The government has committed to invest an extra NZ$18.4 million ($12.9m), spread over four years, to “future-proof” the country’s biosecurity system by strengthening its ability to manage offshore risks and fund investment in “innovative technology”.
Levy board Beef + Lamb New Zealand (B+LNZ) welcomed the conservative government’s Budget 2017 biosecurity investment.
‘Pleased’ with investment
“We’re pleased the Minister for Primary Industries, the Hon Nathan Guy, has made this commitment to biosecurity,” said B+LNZ chief executive Sam McIvor.
“We realise everyone has a role in biosecurity and it’s an issue farmers take very seriously. Every day, farmers manage invasive weeds, animal health issues and keep watch for new and emerging pests and diseases.”
McIvor said the beef and lamb industry was a “large investor” in both disease control and biosecurity systems. Pointing to the Tuberculosis Eradication Plan, the National Animal Identification and Tracing (NAIT) organisation and the Red Meat Profit Partnership, he said there were multiple examples of how the industry tackled the issues.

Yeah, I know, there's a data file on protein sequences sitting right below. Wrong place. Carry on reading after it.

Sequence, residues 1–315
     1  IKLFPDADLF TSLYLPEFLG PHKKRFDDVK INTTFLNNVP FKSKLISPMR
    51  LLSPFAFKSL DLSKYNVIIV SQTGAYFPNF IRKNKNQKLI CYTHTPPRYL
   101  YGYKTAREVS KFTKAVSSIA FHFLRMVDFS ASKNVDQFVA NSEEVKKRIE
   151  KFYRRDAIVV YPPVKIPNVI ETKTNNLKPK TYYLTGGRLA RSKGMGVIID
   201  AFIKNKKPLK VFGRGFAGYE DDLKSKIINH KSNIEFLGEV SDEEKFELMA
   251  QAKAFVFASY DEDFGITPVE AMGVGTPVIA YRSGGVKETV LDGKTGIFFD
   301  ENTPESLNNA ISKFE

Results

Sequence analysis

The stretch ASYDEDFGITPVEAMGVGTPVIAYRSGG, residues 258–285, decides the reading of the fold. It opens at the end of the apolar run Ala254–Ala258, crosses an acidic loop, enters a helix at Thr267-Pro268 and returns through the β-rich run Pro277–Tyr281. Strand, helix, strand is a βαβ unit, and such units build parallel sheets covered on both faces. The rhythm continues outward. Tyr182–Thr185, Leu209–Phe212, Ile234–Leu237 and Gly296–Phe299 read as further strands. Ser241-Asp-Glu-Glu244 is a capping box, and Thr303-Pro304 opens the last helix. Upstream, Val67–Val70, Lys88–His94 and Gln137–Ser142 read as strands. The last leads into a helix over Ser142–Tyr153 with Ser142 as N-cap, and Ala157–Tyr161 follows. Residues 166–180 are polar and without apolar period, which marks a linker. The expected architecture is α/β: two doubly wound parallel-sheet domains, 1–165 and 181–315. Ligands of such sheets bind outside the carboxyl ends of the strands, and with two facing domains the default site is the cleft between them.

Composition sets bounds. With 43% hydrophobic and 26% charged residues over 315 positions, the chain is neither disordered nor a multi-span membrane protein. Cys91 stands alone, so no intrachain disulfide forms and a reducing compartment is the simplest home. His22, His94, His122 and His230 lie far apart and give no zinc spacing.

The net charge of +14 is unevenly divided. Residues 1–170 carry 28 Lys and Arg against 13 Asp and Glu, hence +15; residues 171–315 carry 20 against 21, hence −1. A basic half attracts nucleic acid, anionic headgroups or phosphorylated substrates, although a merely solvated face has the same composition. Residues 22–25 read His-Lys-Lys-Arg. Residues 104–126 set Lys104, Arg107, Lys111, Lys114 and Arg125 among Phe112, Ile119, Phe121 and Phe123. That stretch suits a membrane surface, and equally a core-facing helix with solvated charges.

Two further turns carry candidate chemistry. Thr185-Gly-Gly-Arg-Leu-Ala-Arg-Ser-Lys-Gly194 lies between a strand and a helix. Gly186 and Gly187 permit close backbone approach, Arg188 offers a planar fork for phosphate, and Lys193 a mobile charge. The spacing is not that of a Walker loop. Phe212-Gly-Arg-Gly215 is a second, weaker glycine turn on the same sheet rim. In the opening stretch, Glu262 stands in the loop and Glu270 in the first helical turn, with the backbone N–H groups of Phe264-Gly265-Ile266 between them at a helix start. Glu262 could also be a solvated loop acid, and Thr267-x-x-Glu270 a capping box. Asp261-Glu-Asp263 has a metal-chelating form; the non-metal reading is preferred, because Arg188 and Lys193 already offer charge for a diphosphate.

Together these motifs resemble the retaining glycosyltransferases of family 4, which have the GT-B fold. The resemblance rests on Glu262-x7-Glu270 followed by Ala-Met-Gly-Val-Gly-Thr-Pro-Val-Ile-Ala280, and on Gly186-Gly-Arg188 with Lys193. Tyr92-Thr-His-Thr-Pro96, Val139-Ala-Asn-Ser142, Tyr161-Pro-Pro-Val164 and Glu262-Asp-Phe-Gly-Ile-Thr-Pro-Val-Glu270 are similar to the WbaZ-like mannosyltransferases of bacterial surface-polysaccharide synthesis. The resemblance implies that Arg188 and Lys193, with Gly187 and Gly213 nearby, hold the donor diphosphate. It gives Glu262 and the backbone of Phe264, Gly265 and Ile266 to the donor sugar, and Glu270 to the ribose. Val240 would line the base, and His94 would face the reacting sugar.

‘Number one priority’
“There is work under way for piloting enhanced food safety and biosecurity traceability by making all stock movements electronically traceable (electronic Animal Status Declarations eASDs),” he added.
The New Zealand Budget 2017 commits funding for four years. It will help pave the way for the government’s Biosecurity 2025 strategy – a long-term vision for protecting the country from pests and disease.
“Biosecurity has always been my number one priority as Minister because the primary sector is the backbone of our economy,” said MPI minister Guy.
“Unwanted pests and diseases have the potential to cause major damage to our producers.
“Part of the new funding will be used to manage biosecurity risk offshore, so fewer pests and diseases make it to New Zealand. Import Health Standards (IHS) will be reviewed to ensure the rules around importing goods are strong and up to date,” he added.